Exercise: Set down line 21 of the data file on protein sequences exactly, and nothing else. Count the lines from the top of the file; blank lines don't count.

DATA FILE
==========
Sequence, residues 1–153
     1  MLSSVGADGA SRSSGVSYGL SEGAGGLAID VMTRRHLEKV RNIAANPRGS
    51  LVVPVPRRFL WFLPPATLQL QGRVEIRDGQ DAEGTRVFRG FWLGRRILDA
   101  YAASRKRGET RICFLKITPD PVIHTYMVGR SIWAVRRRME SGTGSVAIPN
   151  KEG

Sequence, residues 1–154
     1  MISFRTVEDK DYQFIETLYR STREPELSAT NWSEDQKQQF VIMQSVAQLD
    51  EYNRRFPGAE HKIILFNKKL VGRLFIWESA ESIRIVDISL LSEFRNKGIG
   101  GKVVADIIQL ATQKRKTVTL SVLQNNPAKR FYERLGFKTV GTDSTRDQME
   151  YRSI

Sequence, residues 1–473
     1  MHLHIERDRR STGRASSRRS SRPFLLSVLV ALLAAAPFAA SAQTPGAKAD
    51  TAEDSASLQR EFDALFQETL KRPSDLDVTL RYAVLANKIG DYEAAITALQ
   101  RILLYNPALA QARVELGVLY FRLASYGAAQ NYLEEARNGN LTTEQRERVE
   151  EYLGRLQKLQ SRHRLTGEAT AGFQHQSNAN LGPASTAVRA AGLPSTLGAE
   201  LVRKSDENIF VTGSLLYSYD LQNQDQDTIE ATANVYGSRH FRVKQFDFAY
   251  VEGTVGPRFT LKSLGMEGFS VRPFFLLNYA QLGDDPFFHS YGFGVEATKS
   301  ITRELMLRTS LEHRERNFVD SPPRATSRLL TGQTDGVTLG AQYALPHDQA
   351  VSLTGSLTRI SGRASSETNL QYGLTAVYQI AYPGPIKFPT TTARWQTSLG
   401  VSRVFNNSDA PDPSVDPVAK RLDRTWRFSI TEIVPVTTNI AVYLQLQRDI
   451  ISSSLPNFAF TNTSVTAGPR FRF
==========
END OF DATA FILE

   451  ISSSLPNFAF TNTSVTAGPR FRF